Studies have now confirmed what some doctors have long suspected — many young people who are given the diagnosis of epilepsy (or seizure disorder) apparently don’t have epilepsy at all.
Instead, they have a condition known as syncope.
Syncope (sing’-koe-pee), the medical term for fainting, is the sudden loss of consciousness and physical collapse due to lack of blood and oxygen to the brain. It can occur with or without warning — as an isolated event — or frequently, over time.
Since syncope can mimic the symptoms of some epileptic seizures — such as muscle twitching, shaking, convulsions and physical collapse — the confusion begins.
And that confusion can lead to misconceptions, misperceptions and a wrong diagnosis with ineffective medications given.
For example: What if you were given anti-seizure medication for syncope and developed irreversible heart disease? Or vice versa. You could be given cardiac drugs for epileptic seizures and there would be no relief.
Even worse, at least some of the arrhythmias (abnormal heart rhythms) that cause syncope, but are misdiagnosed as epilepsy, can become fatal if they are not recognized and treated appropriately.
What’s the difference? What’s syncope and what’s a seizure?
The difference is, an epileptic seizure produces a brief disturbance in the normal electrical functions of the brain, while syncope is caused by a reduction in blood flow carrying oxygen to the brain.
Other causes of syncope include some neurological disorders, psychological conditions, and obvious situations such as standing up too fast or being in a hot room.
These factors contribute to making the cause of syncope even more difficult to diagnose.
To make it even more confusing, a seizure can sometimes accompany a syncope episode and syncope can sometimes accompany a seizure!
Syncope is not caused by head trauma, since loss of consciousness after a head injury is considered a concussion.
However, syncope fainting can cause injury if the person falls and hurts themselves.
The person is unaware that they’ve passed out and fallen to the ground. Although they may hurt themselves in the process, it’s only afterward that they understand what has happened.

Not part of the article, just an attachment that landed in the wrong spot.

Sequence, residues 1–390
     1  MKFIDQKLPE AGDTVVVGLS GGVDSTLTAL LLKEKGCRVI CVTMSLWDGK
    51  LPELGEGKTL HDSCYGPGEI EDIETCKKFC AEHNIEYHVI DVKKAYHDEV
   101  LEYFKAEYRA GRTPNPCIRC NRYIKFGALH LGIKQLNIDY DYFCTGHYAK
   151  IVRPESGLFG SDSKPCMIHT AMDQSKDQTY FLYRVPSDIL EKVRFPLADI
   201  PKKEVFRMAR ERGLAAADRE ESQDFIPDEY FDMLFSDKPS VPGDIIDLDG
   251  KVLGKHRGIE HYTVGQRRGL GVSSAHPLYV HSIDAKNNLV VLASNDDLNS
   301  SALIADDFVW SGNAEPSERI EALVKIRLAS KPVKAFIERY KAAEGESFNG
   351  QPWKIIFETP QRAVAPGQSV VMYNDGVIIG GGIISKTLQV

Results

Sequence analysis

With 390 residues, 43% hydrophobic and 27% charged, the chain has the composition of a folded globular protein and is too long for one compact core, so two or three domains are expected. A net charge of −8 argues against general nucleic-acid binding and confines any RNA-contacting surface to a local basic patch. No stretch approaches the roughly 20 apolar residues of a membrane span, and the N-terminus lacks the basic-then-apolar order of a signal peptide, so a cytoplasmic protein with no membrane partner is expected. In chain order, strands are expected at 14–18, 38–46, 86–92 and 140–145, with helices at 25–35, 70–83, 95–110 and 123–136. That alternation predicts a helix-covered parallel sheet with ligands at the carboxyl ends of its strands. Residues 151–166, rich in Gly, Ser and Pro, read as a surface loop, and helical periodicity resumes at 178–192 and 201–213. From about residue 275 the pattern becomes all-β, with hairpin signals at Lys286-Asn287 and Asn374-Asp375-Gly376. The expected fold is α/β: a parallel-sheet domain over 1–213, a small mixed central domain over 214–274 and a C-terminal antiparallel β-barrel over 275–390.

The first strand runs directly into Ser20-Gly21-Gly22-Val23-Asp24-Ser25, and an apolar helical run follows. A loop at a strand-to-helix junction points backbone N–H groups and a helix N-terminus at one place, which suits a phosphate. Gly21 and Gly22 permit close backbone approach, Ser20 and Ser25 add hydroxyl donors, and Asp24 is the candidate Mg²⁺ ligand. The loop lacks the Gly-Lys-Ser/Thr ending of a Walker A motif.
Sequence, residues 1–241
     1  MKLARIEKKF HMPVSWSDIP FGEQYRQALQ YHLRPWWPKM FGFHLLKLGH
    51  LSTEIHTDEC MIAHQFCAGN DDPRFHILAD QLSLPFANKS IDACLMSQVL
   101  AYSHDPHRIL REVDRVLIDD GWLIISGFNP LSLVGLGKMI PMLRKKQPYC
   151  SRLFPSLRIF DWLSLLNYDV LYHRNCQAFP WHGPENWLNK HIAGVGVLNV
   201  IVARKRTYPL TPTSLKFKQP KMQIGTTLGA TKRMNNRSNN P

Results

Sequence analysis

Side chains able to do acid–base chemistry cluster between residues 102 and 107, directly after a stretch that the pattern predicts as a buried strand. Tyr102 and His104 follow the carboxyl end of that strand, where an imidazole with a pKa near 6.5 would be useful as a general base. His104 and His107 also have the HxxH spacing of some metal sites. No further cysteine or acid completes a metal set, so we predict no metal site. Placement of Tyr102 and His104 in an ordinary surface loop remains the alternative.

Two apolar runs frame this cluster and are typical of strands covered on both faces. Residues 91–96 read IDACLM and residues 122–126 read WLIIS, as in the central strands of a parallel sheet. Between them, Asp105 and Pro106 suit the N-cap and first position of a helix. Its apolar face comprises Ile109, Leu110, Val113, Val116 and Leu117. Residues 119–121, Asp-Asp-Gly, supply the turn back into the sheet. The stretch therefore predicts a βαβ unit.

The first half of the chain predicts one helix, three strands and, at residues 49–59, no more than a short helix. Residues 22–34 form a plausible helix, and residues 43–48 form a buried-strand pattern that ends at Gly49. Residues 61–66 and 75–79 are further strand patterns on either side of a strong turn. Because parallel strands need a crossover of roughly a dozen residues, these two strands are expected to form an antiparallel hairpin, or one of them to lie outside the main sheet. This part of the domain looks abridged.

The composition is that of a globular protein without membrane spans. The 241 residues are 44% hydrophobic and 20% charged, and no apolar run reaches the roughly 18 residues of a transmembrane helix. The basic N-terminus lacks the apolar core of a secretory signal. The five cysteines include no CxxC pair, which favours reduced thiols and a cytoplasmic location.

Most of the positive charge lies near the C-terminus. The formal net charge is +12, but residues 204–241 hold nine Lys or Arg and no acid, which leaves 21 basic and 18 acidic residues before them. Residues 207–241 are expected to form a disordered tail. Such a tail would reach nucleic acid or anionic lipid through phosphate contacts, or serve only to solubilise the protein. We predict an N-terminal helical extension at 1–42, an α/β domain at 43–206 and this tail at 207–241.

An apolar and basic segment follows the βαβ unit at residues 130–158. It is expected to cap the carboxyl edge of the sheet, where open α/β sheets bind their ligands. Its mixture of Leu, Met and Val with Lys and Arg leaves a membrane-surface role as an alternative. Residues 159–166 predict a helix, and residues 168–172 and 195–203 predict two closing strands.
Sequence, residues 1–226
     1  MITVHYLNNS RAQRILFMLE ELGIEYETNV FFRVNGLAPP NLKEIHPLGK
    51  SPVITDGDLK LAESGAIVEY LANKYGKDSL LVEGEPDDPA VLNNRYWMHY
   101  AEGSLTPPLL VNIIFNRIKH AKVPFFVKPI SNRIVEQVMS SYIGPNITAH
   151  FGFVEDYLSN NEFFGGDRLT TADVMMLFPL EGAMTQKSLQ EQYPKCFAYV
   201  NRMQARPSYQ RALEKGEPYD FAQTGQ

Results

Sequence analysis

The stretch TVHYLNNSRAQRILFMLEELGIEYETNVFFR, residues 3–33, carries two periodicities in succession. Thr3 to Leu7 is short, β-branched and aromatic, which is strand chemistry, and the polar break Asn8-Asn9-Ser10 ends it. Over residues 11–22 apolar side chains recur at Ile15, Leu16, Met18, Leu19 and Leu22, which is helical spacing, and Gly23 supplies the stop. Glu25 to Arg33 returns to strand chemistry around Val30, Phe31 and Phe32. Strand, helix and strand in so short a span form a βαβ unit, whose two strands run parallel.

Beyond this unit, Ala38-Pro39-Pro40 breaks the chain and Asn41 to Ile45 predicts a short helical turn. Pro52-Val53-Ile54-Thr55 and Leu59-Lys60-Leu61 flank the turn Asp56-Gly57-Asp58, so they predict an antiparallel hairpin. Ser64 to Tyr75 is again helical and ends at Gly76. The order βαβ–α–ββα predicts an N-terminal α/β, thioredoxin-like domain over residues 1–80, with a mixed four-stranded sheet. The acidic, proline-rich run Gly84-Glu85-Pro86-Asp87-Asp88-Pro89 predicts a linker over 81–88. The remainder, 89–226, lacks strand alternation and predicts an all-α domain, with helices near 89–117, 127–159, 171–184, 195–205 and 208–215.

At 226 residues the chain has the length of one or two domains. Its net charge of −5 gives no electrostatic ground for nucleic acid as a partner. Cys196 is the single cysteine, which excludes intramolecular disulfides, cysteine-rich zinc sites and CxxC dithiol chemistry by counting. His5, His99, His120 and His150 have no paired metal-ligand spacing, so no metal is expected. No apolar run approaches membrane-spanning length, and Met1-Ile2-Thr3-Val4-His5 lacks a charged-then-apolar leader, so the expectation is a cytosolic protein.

There may be symptoms or signs before the syncopal episode, (like auras) which may include:
Feeling muscle twitching, shaking, convulsions and physical collapse…a feeling of dizziness or vertigo (with the room spinning). Vision may fade or blur, and there may be muffled hearing and tingling sensations in the body.
During the episode, when the person is unconscious, there may a few twitches of the body which can again be confused with seizure activity.
Usually the loss of consciousness is not long. Once a person falls to the ground and the blood rushes to their brain, they rapidly regain consciousness.
After the episode, they come around rapidly and know where they are and not confused or disoriented.
Are you confused yet? Well to help understand the difference between the two, here’s a brief description of some likenesses and differences between syncope and seizures…
Seizures: Usually an aura involving sensory symptoms.
Syncope: Faint feeling, light-headed, blurred/darkened vision.
Seizure: Sudden, any position.
Syncope: Only occurs sitting or standing — avoidable by change in posture.
Seizures: eyes open, rigidity, falls backwards, convulses.
Syncope: Only occurs standing or sitting, eyes closed, limp, falls forward, minor twitching, (if unable to fall flat).
Seizures: Confusion, headache, sleepy, focal deficit.
Syncope: Pale, washed out, sweating, cold and clammy.
Seizures: Tongue bite, loss of bladder control common.
Syncope: Loss of bladder control rare.
And, as you may say, there are differences in the numbers, too.
According to the Epilepsy Foundation, approximately 10 percent of the U.S. population will experience seizure-like symptoms in their lifetime.
That’s about twenty-five million Americans (one in every ten) have had, or will have, a seizure at some point in their lives.
In the United States, the Epilepsy Foundation estimates that approximately $1.7 billion is spent in direct costs on patients with epilepsy and seizures.
With syncope, thirty percent of the U.S. population will faint during their lifetime, at a cost of more than $1 billion annually.
Yet anyway you look at it, there are important distinctions to be made. Diagnostic decisions, medications prescribed, and environment. All of which impacts upon the quality of lifestyle.
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